BUILDING A SOLAR HOUSE IN FRANCE - Plastering with new machine - masons back on site.
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On Tuesday 8th April M. Marcelin Mazieres, the carpenter, came to fix the leaks in the roof. Michel, Mr Desvergnes electrician, was working to keep just a few steps ahead of the plasterer, Mr Laurent Maziere, and I was trying to keep ahead of them both with partitions.
A record number of white vans (later to be exceeded the next week)
Even with 20 boxes of semi-rigid panels of hemp fibre insulation already stuffed behind the ceilings, there are still 16 boxes left which are always in the way. The next time I build a house the garage will come first to store stuff.
Benoit moved down to put plastic angles on all the openings in the sous sol, after having done upstairs.
Temporary landings I had made had to be partly dismantled to thread electrical conduit under them.
I asked the plasterer to put plasterboard on the vertical walls in the mezzanine. Albert, M Maziere's other assistant, had taped all the plasterboard joints and filled the screw holes.
Downstairs the wall of the shower was done by the plasterer in "briques".
Mr Maziere showed me a clever trick for holding a door and frame vertical, using V's of battens held together by rubber bands (sections of car tube). The door was closed to keep it square while it was built in. Mr Maziere found himself inside the room after bricking it in, and I could not find the key to open it to release him. The outside door was locked as well and the key could not be found. A way was eventually found to pick the lock.
Door and shower enclosure partition ready for plastering. Door removed to avoid future incidents.
On Monday the 14th he arrived with his brand new machine - a sophisticated plaster mixer and pump. Our house was to be the first one on which to try it out. It needed a 3 - phase electricity supply and so he had also bought a new 3 - phase generator. If only he had asked me, he could have used our 3 - phase site supply which I had to put in (at vast expense) for the crane that Francis Guinot used.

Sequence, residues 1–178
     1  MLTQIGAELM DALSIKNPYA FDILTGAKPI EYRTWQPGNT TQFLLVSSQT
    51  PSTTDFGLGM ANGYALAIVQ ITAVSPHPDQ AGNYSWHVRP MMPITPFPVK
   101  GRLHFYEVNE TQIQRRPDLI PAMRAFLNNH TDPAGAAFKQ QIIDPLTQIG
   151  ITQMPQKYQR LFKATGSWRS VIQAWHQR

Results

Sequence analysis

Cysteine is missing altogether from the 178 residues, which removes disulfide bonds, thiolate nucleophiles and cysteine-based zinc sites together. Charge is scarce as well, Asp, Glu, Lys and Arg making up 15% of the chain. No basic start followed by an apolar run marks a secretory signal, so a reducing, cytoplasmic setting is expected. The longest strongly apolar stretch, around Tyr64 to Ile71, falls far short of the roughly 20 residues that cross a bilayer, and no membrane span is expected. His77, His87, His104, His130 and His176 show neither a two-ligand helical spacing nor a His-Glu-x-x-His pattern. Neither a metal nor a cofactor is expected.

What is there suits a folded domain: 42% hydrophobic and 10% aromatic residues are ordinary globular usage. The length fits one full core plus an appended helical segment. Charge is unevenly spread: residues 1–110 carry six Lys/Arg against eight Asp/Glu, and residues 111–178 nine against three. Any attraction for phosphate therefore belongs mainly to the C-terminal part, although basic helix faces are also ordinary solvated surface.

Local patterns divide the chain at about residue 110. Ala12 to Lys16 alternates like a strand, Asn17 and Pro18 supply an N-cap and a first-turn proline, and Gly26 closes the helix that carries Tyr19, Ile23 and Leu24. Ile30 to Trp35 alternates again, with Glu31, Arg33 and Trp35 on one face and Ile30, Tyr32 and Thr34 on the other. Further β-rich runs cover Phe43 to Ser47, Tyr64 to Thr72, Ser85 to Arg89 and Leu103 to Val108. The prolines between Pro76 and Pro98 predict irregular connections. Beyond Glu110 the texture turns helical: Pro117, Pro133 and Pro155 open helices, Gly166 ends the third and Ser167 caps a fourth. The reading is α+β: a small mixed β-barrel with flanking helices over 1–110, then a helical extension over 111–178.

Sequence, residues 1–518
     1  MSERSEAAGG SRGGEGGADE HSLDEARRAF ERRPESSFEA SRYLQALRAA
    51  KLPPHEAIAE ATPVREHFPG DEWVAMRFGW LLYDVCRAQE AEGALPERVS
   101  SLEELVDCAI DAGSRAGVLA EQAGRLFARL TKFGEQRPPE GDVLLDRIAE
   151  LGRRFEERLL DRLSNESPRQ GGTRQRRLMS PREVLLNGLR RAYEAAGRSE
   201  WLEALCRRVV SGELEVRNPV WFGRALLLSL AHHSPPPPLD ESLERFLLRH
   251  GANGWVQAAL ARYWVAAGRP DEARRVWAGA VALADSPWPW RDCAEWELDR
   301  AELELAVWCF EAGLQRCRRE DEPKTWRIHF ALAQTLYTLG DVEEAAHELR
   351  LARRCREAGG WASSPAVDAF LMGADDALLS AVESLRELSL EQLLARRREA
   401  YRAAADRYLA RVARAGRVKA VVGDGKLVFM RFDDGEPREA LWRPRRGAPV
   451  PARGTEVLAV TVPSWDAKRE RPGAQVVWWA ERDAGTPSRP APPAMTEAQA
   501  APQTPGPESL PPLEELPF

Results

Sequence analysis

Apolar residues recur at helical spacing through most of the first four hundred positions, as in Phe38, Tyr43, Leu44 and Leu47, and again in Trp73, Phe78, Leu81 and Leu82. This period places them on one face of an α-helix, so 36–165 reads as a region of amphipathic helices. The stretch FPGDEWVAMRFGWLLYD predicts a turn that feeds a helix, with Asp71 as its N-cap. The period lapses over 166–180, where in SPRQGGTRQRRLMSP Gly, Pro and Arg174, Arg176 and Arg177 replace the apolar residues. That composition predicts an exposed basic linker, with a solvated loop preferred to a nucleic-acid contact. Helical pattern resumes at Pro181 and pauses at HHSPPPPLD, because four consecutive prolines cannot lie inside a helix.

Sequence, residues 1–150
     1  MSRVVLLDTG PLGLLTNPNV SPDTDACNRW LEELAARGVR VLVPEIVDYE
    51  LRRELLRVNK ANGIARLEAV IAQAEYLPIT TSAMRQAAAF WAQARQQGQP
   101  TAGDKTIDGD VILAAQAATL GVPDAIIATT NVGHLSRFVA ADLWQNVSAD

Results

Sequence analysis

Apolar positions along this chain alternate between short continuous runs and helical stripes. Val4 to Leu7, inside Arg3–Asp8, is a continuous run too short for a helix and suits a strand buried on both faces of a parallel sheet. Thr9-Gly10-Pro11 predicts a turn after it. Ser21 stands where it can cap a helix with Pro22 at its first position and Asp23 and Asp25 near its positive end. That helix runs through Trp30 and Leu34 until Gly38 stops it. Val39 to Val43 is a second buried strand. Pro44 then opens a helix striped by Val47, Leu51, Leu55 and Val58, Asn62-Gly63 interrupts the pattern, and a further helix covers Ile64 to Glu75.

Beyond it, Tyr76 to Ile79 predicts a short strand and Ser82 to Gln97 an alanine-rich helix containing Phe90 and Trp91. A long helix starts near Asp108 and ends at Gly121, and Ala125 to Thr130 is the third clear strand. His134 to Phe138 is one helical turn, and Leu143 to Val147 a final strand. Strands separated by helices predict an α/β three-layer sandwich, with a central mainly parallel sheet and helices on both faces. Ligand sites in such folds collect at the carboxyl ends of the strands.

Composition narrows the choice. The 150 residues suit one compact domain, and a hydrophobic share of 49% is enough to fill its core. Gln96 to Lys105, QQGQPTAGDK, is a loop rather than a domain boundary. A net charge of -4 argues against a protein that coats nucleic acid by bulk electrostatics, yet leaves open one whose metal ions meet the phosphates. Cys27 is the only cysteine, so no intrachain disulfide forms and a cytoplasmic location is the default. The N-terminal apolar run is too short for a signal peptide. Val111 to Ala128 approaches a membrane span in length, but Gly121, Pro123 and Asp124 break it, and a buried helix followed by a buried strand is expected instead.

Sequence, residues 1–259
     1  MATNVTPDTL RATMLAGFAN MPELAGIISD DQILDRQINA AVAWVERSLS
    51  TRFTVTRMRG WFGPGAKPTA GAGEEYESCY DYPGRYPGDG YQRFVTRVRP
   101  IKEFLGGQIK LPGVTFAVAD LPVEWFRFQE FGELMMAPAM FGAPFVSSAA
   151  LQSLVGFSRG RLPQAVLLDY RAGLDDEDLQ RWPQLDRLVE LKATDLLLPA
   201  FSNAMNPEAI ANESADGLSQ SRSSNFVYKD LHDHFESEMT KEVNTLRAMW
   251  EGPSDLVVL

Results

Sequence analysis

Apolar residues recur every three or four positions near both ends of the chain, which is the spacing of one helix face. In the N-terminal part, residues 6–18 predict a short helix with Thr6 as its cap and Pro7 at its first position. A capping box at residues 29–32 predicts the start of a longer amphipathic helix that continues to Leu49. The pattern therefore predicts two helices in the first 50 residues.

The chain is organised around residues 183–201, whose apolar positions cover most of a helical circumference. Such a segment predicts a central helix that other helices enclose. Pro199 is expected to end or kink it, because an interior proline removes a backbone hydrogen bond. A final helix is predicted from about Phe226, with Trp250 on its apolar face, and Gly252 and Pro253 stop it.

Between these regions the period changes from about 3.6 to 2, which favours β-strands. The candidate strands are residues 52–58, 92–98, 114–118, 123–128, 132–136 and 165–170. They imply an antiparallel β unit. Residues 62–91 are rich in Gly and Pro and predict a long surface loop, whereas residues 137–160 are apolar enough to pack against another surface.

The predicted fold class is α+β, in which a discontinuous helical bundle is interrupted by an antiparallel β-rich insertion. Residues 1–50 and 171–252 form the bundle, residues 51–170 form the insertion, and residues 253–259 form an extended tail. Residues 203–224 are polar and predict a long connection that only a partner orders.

Art Work ?
The new machine cuts the bag of plaster on the top hopper, automatically mixes it with the right amount of water, feeds it to a helical pump that pushes the mixture down a long hose that delivers high pressure plaster via a nozzle, greatly reducing the time taken to cover the wall.
But the down side of the machine is that it has to be dismantled and totally cleaned every hour to avoid clogging by the fast setting plaster.
The first day of operation was punctuated by much swearing and rereading of the operating manual, but finally it was mastered.
To complicate matters on Monday, Francis Guinot phoned at 8:30 to say that he would be on site on half an hour. We had been waiting for him or someone from Faye's since December to come to carry on with the external work and garage foundations and walls. In the meantime Francis had been elected Mayor of St Front la Rivière in the recent local elections. So I despaired of ever seeing him personally on our project again, knowing how much work being Mayor of a commune involves. But he arrived with his JCB to dig the holes for the septic tank and sand filter, closely followed by another gang from Faye to build the stone wall facing.
The new machine was finally made operational and plastering started after all the windows had been taped and covered.
Mr Maziere demonstrating to Benoit how to do it. He then took over while Laurent did the skilled job of smoothing.
Albert about to give the machine its first cleanup.
Francis began to dig the hole for the septic tank (in this case a "fosse toutes eaux" which takes all soil and waste water).
The other gang from Faye began to build the foundation wall for the stone facing wall.
The cavity is filled with extruded polystyrene insulation (find me a waterproof ecological alternative)
A 3000 litre "fosse toutes eaux" was delivered on Monday afternoon, but I had to break the bad news that the regulations required one of 4000 litres so it had to be taken back the next morning.
Album last updated on Apr 26, 2008 - 09:59 PM